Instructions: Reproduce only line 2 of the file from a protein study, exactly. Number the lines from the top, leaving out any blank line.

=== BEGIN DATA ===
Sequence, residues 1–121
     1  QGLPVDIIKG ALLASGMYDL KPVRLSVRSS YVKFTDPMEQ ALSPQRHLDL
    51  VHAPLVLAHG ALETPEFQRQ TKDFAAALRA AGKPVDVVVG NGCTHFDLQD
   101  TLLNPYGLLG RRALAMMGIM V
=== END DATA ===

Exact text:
     1  QGLPVDIIKG ALLASGMYDL KPVRLSVRSS YVKFTDPMEQ ALSPQRHLDL